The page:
The challenge for the Londoner wanting a decent day hike is being able to find real countryside and decent walking within striking distance of the city. To the South there are the North and South Downs and to the North, the Chilterns, a beautiful area of woodland and open chalk ridge with far reaching views. I had to drive through the area so took my boots and stopped en route to take in an 8.5 mile walk that gave me a real sense of the area, its flora, fauna, and the stunning landscape (map below).
I parked in the car park in the pretty village of Aldbury (which has a pub) a mile or so to the East of Tring railway station and walked N on the small road for a couple of hundred metres before taking the well defined track/footpath to the W then SW. This path briefly becomes the ‘Hertfordshire Way’ before meeting the magical ‘Ridgeway‘. Turn right N onto the Ridgeway along another well defined and signposted track. I love the prehistoric Ridgeway, stretching from Wiltshire to Buckinghamshire following an ancient track, you are walking in the 5,000 year old footsteps of fellow travellers.
The flora lets you know this is now a downland environment, Wild Clematis ‘Travellers Joy’ climbing through Blackthorn hedges. The track enters woodland ‘Aldbury Nowers’ and climbs to the ridge edge. Just before reaching ‘Pitstone Hill’, the route turns NE having emerged into pleasing, open downland country with great views to the N.
From here you get to see Ivinghoe Beacon. Still following the Ridgeway, the route descends to cross a minor road before rising into the pleasing shape of Incombe Hole and partially wooded Steps Hill.
The route turns N and descends again to cross a minor road before rising up white, worn chalk paths that take you to the trig point of the Beacon (233m/764ft) where the views are really expansive, a vantage point that has been enjoyed for millennia.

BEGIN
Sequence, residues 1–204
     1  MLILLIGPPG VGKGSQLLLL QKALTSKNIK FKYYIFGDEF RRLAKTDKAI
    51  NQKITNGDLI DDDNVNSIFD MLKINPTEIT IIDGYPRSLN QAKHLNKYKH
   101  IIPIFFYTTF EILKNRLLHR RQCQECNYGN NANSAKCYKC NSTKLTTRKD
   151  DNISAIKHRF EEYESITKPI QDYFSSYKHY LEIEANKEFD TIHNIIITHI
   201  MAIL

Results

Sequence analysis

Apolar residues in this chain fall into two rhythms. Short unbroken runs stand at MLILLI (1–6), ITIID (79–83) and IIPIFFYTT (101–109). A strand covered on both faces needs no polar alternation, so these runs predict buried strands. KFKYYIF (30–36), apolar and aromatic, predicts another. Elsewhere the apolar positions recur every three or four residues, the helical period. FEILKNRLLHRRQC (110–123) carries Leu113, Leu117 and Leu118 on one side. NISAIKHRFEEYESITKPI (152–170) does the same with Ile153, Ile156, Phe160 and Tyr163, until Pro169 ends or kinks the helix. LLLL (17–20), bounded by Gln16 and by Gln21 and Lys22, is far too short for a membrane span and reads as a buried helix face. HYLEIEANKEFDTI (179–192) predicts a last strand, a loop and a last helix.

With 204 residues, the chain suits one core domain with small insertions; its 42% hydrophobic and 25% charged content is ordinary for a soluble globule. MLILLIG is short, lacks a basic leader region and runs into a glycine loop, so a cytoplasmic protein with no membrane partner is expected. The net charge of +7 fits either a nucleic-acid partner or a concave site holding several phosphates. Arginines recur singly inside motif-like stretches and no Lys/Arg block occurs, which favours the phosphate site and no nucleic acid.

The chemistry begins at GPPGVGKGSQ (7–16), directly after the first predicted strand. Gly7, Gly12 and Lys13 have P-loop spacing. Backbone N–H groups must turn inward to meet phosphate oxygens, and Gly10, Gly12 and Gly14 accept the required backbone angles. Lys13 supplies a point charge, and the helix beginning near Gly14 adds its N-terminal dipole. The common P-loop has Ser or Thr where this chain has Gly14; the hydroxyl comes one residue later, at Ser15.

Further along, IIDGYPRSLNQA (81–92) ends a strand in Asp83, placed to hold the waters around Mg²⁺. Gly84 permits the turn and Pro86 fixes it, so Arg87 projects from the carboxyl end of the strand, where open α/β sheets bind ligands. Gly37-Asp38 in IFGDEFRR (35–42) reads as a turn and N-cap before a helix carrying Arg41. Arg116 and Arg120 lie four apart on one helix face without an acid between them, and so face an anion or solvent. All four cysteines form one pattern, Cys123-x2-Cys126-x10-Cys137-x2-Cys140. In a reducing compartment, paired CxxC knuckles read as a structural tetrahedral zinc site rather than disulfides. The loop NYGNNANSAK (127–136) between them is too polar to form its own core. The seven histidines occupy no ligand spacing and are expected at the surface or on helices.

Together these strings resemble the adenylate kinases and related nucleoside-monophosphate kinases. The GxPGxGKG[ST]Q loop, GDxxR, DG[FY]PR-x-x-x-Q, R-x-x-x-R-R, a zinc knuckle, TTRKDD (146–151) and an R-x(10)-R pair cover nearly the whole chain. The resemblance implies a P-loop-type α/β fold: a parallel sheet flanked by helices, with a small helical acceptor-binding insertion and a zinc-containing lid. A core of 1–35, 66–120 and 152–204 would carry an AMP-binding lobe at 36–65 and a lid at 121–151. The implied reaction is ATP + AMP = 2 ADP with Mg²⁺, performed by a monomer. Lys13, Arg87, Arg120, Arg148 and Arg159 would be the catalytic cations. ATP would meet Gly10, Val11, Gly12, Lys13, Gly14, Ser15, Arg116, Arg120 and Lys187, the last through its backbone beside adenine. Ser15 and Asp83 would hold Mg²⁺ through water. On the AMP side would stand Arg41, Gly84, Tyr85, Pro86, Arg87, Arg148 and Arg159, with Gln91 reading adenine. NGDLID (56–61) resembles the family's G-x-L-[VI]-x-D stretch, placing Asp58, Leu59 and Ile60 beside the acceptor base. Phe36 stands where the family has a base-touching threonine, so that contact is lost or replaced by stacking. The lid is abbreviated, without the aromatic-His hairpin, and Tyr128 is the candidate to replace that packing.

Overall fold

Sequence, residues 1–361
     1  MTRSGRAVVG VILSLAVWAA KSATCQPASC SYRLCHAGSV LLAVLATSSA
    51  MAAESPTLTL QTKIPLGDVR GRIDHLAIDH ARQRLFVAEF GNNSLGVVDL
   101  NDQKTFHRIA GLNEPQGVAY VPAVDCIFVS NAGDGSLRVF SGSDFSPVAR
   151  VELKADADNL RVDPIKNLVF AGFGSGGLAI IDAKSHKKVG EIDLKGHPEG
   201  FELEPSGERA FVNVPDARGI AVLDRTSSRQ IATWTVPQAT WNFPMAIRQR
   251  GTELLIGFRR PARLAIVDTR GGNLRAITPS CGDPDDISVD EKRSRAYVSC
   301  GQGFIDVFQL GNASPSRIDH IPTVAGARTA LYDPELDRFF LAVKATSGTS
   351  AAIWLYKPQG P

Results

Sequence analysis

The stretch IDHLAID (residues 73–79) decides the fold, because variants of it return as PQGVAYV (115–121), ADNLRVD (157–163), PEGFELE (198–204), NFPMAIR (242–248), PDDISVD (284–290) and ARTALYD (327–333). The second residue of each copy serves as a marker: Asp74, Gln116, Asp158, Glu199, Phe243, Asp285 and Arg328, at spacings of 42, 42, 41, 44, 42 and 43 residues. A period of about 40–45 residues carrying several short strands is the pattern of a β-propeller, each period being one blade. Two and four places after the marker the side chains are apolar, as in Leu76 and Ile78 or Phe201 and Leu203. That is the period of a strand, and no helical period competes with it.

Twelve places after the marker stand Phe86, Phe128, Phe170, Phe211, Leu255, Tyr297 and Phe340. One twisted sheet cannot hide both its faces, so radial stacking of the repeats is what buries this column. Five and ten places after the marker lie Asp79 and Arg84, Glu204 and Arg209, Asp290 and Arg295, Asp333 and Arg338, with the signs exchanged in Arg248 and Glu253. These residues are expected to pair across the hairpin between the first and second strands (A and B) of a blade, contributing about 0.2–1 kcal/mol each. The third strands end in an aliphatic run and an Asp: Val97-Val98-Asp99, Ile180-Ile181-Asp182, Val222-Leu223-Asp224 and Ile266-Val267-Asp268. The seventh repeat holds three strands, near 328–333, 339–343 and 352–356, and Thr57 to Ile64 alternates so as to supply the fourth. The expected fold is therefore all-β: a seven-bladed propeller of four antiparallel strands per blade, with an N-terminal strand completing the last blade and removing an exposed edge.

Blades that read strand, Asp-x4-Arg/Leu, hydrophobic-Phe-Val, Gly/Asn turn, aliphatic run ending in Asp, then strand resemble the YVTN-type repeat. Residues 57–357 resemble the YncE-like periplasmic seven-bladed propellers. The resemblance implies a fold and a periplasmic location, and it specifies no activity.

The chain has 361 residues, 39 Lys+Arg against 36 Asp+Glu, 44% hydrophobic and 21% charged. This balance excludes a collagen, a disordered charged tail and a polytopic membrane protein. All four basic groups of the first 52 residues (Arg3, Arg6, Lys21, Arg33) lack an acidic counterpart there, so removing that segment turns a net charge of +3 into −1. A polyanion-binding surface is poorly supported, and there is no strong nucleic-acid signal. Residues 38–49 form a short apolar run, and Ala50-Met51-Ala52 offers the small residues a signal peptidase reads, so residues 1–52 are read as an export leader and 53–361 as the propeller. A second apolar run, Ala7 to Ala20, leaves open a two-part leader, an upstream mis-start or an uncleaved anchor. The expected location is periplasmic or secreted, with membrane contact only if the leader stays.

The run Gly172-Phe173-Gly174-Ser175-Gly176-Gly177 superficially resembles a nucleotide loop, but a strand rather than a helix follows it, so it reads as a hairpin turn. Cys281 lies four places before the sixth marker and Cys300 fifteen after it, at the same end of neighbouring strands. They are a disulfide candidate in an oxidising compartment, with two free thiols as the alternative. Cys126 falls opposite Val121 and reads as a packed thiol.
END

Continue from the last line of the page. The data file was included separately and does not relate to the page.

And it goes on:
Walking East to Gallows Hill you get the real space of being at height with a panorama to enjoy. I had lunch here before roughly tracing my steps (there are options) returning to Incombe Hole. As the path begins to flatten take the path to the left. This rises slowly along the edge of a wood before you bear left and pass some houses and continue towards Duncombe Terrace. The route becomes a woodland walk through the heart of the Ashridge Estate, 5,000 National Trust acres which encompasses the Beacon and the remainder of the route back to Aldbury. It’s an easy level track which turns to the S before reaching the ‘Bridgewater Monument which you can climb up (172 steps). There are also a visitor centre, food stop here and loos. With the centre to your left walk past the monument into more woodland, then bear right where there are a couple of paths to the W back to Aldbury, the first to the car park, the second to the centre (aka the pub).
I walked this on a blustery November day and while there were some muddy bits, it’s a generally dry route with decent paths. There is a 45 minute train from Euston to Tring station which is just a few hundred metres from the Ridgeway path below Aldbury Nowers. I use ‘Trainline‘ to buy tickets, they offer decent discounts and a decent app to make the process easier when collecting tickets.